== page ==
Behaviour change from traditional to mobile banking channels in South Africa

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dc.contributor.author Mungar, Sahil Royheath
dc.date.accessioned 2016-03-04T13:52:59Z
dc.date.available 2016-03-04T13:52:59Z
dc.date.issued 2015
dc.identifier.uri http://hdl.handle.net/10539/19973
dc.description.abstract Mobile banking is a form of customer service channel offered by retail banks to allow customers to conduct transactions by themselves from a mobile phone. This was both a need as an evolution of technology and a driver of efficiency by banks, for customers to self-actualise day-to-day banking needs. Although research in recent years has focussed on the factors of adoption of Mobile banking, little has been done in the form of assessing the effectiveness of migrating customer behaviour away from traditional banking. This research has analysed the post-adoption behaviour of bank customer transactions to determine whether a change in behaviour was observed. Data was collected from a retail bank in South Africa, tested for fit to the South African population, and via the quantitative method of cluster analysis the behaviour change from traditional to Mobile banking channels was evaluated. As a first proposition, factors of the informal economy in South Africa, and thus the reliance of cash by many South Africans, suggested that although Mobile banking would be adopted, traditional channel usage would continue with cash as the key motivator to continue using traditional banking channels. As a secondary proposition, it was determined that due to accustomed and habitual use of traditional banking channels, the adoption of Mobile banking would not shift behaviour of consumers. Data was analysed for the period from 1 January 2013 to 30 June 2013, and compared to the period of 1 January 2014 to 30 June 2014. The customers analysed maintained a continuous relationship with the bank from 1 January 2013 to 30 June 2014, having adopted Mobile banking during July 2013. Using the process of cluster analysis, five clusters were found in the pre-Mobile banking adoption period. These clusters primarily transacted on online banking, ATM and branch banking respectively. During the post-Mobile banking adoption period, the five clusters reformed in to four clusters primarily transacting on mobile banking, ATM, and online banking respectively. iii Predominant ATM users continued using the ATM channel after the adoption of mobile banking. This is likely due to the reliance of cash by this cluster. Predominant users of online banking continued using the online banking channel after the adoption of mobile banking. This is likely due to the entrenched and habitual behaviour of this cluster, as well as the similarity of transactions offered on online and mobile banking. Primary users of mobile banking were found to have originated from any previous channel behaviour, or combination thereof. This indicated that users of mobile banking were not predisposed to any prior behaviour trait. It was found that younger individuals tended to have an affinity to mobile banking, and older individual tended to use the ATM channel (with some people using both ATM and Mobile channels). Individuals with higher incomes were found to have an affinity for Online banking, whilst low income individuals tended to use mobile and ATM channels after the adoption of mobile banking. When evaluating the race, gender and marital status of the sample, it was found that White, Unmarried and Male individuals that used online banking prior to the adoption of mobile banking, tended to maintain a preference to continue using online banking predominantly. It is believed that this research would fill a much-needed gap in the understanding and perception of customer behaviour after the adoption of Mobile banking by consumers. en_ZA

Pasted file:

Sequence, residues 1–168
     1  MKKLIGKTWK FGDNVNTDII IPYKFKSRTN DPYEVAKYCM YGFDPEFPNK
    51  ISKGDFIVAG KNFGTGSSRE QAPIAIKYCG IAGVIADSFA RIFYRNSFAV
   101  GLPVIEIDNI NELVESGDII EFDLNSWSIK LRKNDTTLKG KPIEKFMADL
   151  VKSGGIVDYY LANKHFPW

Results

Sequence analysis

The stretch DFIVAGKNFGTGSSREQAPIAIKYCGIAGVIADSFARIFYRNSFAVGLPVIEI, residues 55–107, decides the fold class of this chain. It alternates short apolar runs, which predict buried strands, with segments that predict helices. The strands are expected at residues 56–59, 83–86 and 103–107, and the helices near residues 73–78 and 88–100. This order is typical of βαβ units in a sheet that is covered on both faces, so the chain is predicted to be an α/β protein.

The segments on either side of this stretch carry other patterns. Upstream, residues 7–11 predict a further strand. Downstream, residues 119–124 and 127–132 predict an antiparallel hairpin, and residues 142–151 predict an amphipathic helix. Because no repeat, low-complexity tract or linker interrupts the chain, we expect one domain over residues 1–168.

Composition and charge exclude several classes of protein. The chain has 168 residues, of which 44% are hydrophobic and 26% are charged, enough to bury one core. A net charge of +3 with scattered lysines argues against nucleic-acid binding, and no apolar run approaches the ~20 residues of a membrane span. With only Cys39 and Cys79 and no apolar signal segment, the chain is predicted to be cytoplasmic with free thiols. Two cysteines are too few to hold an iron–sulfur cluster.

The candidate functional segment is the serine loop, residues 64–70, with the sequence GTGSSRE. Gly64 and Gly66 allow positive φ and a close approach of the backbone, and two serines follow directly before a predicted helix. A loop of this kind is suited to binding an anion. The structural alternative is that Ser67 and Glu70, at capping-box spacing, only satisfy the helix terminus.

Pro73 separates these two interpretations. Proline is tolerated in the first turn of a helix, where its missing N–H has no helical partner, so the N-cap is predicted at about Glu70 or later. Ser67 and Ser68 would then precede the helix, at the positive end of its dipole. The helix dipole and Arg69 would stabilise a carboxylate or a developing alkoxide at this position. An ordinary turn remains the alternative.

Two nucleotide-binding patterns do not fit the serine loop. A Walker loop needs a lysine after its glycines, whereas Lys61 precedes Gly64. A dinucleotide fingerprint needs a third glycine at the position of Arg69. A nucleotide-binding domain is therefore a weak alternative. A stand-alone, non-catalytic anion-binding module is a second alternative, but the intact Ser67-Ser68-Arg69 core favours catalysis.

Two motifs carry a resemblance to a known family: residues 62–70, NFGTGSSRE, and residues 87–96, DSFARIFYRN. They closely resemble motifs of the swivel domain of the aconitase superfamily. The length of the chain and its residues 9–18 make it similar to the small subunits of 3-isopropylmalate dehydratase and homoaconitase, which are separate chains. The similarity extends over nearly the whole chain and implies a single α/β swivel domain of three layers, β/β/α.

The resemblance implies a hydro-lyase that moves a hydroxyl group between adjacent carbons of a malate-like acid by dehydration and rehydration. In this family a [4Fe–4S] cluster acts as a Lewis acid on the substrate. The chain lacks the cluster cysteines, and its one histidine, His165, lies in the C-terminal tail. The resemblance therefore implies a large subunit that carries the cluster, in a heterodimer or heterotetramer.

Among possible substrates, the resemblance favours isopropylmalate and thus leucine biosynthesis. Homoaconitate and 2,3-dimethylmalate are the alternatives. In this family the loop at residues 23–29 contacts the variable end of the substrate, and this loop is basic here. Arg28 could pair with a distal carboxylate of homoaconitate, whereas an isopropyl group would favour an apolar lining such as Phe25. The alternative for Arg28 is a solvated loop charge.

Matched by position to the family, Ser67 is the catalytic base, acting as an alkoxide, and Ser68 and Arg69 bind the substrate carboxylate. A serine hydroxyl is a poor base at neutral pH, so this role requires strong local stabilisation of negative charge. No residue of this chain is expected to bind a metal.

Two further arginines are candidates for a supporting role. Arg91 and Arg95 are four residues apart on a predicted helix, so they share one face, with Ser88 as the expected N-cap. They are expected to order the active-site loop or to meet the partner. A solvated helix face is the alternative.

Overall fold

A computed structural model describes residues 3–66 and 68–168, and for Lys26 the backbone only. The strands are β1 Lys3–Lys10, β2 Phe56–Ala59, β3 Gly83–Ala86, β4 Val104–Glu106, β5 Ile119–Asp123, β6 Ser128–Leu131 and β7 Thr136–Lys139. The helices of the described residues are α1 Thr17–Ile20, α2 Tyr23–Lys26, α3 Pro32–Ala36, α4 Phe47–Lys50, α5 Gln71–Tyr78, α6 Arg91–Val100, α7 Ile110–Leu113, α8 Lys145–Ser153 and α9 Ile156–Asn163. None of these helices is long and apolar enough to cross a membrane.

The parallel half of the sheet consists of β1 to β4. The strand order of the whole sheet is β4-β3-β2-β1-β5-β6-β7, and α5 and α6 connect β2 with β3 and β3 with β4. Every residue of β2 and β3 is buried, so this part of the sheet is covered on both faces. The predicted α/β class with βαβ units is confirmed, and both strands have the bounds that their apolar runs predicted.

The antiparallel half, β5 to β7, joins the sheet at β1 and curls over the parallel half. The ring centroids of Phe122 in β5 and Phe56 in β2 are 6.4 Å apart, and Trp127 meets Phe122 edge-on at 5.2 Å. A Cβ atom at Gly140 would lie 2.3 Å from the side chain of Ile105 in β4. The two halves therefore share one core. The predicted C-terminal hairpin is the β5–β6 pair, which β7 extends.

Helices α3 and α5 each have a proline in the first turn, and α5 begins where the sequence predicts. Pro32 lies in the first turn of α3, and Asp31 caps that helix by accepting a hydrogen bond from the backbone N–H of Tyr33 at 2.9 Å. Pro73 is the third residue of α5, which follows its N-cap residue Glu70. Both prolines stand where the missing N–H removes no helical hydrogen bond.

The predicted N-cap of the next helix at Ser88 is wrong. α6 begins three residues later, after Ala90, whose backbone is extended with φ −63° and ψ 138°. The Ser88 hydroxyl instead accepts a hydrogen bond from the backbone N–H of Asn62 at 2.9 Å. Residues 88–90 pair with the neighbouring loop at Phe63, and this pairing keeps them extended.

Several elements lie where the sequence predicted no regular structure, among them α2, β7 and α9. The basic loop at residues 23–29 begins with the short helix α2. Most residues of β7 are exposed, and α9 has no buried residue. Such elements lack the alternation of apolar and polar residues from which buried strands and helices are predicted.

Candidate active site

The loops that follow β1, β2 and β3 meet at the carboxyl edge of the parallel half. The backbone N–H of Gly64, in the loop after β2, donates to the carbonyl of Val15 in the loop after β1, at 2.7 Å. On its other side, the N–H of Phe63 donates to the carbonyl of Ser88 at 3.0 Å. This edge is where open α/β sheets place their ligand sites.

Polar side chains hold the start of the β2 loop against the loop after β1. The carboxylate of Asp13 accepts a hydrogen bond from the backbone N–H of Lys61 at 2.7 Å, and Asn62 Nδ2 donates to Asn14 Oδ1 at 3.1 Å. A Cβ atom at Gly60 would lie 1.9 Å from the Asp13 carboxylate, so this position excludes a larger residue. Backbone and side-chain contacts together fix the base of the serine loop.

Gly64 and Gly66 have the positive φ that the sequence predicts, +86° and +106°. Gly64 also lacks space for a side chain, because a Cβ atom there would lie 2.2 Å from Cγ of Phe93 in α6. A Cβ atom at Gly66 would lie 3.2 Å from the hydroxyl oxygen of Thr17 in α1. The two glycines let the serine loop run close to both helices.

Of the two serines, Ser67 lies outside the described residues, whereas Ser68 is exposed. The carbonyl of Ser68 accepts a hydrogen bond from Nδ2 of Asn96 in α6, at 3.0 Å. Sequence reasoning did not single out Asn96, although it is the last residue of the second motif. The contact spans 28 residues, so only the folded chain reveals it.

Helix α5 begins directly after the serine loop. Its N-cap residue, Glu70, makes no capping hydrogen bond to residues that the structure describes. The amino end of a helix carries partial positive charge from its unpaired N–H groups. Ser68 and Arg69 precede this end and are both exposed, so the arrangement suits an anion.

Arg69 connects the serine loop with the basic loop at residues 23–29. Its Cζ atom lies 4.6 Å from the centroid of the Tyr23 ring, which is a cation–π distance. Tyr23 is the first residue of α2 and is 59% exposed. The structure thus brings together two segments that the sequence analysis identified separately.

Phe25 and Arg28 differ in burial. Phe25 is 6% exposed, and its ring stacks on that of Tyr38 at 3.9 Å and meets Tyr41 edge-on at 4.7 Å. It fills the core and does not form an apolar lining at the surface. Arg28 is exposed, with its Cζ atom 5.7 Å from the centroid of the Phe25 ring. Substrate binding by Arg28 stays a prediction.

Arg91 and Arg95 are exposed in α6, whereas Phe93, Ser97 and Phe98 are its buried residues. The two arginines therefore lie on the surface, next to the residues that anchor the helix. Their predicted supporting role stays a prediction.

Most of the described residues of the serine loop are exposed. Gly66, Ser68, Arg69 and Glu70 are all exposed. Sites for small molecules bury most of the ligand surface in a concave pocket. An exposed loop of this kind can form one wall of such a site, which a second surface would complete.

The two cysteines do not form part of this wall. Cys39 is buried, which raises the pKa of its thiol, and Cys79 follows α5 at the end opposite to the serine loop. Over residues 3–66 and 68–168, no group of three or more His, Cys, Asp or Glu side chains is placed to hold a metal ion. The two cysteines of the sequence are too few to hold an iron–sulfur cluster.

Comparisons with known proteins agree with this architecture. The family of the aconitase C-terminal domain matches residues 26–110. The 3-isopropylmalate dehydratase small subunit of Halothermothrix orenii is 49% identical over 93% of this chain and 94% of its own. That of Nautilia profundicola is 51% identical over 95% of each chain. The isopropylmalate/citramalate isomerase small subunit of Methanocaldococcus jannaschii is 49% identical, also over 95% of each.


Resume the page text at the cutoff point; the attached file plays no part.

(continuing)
dc.language.iso en en_ZA
dc.subject Banks and banking -- South Africa.Banks and banking, Mobile -- South Africa. Mobile communication systems -- South Africa.Consumer behavior -- South Africa. en_ZA
dc.title Behaviour change from traditional to mobile banking channels in South Africa en_ZA
dc.type Thesis en_ZA


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